Even Square-Enix describes the TLR story as "solid," which should already hint at less than spectacular. It's totally linear, totally predictable, and totally characteristic of a Japanese Role-Playing Game.

Rush, the young main character, is in search of his sister. He knows nothing about formality or being proper. Early on he discovers he has a unique ability and is joined by a band of elite warriors, though underdogs in their own right. What turns into a simple search and rescue develops later into a plot to destroy mankind and your heroes must stop a mysterious and powerful foe.

Now way!

But I must say the dialogue is good, and while there are no twists and turns, it's not convoluted, ridiculous, or hard to get into. It's safe, very safe.

Rush is the only true character which you have full control over. Even stating that, you can only equip a weapon, shield, and two accessories. The other characters you cannot directly equip or influence the progression of their abilities, though they do ask for items, suggestions, and equipment randomly from time to time.

The other main characters include Lord David, and Rush's sister Irina. There are several other characters with lesser storylines, mainly Lord David's band of generals composed of the major races in the game. By completing quests you learn about other heroes throughout the world who later can join your party. You can also hire many other people to fight for you throughout the game.

I was neither impressed or disappointed at the end.

One great feature however is that you can choose to keep the voice-acting in English or Japanese. You get the ability to play between both versions of the game! If you watch anime, you know how bad Japanese shows can be with English dubs. Well, you can listen to LTR in Japanese with English subs and have the interface still be in English too! It was a great experience being able to play the game this way :)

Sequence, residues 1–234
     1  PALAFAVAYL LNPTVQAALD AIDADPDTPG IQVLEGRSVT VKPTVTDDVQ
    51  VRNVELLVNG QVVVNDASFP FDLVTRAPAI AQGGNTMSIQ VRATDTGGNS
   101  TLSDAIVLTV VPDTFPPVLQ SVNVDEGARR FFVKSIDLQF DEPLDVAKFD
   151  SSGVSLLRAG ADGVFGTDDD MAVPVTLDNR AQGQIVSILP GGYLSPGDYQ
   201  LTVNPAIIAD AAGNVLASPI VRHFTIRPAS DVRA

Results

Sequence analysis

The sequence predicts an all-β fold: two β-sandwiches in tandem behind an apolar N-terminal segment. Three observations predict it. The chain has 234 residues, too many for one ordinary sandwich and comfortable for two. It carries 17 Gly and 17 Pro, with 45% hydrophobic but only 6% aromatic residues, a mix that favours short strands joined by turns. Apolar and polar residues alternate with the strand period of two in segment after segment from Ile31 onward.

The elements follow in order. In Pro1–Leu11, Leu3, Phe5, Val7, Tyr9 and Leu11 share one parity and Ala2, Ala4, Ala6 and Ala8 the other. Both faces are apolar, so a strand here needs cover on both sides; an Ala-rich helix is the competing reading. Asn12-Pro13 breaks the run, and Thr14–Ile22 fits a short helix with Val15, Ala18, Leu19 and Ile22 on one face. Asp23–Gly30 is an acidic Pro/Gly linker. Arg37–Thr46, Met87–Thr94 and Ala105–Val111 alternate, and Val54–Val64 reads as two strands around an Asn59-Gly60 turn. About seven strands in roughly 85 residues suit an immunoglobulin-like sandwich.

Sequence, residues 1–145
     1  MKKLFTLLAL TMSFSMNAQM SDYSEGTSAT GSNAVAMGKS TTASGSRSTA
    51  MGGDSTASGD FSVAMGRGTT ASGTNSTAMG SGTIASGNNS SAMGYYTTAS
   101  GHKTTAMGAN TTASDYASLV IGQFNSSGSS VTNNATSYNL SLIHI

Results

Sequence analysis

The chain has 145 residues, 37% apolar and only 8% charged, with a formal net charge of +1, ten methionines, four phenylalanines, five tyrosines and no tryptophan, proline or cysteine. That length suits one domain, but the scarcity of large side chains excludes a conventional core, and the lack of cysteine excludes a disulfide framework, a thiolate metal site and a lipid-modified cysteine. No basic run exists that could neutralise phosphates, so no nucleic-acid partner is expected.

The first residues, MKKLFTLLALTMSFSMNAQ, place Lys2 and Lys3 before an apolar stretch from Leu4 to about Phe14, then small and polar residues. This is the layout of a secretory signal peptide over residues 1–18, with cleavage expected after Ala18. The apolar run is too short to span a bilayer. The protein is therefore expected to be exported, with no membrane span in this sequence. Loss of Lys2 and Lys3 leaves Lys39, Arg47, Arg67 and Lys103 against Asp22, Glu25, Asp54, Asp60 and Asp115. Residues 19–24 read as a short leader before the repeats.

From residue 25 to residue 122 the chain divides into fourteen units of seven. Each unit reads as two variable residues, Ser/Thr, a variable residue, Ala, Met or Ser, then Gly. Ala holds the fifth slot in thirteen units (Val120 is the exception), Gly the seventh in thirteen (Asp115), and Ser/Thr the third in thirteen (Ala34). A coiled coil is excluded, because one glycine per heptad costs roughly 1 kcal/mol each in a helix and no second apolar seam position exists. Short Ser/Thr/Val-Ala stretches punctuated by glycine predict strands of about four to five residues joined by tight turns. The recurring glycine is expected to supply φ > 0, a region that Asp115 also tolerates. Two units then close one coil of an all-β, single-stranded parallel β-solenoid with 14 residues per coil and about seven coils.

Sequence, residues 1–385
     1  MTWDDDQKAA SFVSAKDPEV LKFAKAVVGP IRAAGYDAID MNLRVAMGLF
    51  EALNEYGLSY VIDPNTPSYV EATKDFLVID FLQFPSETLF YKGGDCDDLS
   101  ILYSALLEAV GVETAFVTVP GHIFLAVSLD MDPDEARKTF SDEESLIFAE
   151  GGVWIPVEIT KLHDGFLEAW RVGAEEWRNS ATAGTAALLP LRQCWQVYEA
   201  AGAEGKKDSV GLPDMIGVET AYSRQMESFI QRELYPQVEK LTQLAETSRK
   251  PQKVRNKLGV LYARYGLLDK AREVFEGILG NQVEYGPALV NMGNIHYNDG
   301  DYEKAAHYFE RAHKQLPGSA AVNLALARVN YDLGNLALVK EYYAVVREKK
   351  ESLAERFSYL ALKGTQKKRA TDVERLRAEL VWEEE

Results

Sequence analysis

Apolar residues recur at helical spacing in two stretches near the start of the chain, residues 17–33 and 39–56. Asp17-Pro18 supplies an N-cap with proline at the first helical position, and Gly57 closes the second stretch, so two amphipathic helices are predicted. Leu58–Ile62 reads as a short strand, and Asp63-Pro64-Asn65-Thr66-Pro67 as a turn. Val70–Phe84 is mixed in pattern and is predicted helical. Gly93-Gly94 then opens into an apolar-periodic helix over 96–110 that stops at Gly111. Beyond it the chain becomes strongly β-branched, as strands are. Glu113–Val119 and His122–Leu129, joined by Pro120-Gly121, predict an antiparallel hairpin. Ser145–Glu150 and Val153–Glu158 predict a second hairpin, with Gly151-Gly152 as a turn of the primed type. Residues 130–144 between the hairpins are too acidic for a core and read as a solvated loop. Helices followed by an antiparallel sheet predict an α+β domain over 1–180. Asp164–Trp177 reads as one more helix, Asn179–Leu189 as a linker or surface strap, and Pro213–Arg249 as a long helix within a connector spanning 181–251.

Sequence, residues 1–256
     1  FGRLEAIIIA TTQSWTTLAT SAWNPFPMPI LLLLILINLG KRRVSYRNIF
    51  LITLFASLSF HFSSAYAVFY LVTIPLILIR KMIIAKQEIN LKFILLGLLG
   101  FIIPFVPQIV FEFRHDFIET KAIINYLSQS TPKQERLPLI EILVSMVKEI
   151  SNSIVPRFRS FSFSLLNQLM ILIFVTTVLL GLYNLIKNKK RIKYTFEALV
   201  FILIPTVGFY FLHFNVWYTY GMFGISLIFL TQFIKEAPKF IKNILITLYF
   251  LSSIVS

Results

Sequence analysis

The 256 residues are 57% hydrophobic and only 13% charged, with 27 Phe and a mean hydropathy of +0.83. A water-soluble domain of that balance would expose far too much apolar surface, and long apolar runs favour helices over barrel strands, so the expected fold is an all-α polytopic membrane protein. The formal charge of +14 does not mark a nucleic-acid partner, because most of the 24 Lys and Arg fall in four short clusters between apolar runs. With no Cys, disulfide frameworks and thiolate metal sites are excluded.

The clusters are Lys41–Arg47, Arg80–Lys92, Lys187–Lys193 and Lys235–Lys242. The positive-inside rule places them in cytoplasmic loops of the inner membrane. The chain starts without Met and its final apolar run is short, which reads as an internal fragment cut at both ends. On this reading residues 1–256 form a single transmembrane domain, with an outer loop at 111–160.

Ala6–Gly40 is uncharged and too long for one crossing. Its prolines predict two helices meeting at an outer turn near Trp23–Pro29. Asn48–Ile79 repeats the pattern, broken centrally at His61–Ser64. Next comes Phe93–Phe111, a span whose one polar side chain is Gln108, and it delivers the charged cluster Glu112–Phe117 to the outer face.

World and Character Design

This is probably one of my biggest complaints about the game. While what has been created in TLR looks good, Square-Enix could have done better.

I'm tired of games overly focused on desert and cave settings. Most of the dungeon areas in TLR are rocky, sandy, hilly, and just plain boring. There are a few jungle, forest, and swamp type areas, but nothing that screams lushness or beauty. The developers were given a chance to create a whole other world and they bog it down with unimaginative, semi-realistic looking environments. It reminds me of why I didn't like Final Fantasy - The Spirits Within (among many reason). The whole landscape was just a post-apocalyptic wasteland. Square had the opportunity then to show off their new CG technology, and they wasted it on a nuclear desert.

TLR also wastes it's potential. Steroetypical merchant looking cities in deserts mixed with castles and the usual stylization from games like FFXI and FFXII. They could have made the world feel so much more mystical, unique, other-wordly - they could have created environments that looked like they were infused with life and imagination. They didn't even try to push the bar.

The characters and monsters too look like they came right out of the FF cookbook. There's only really a handful of monster designs, many of which don't look like real creatures, and the new ones just come in different colors. You get sick of fighting crabs, hornets, and lizards after awhile.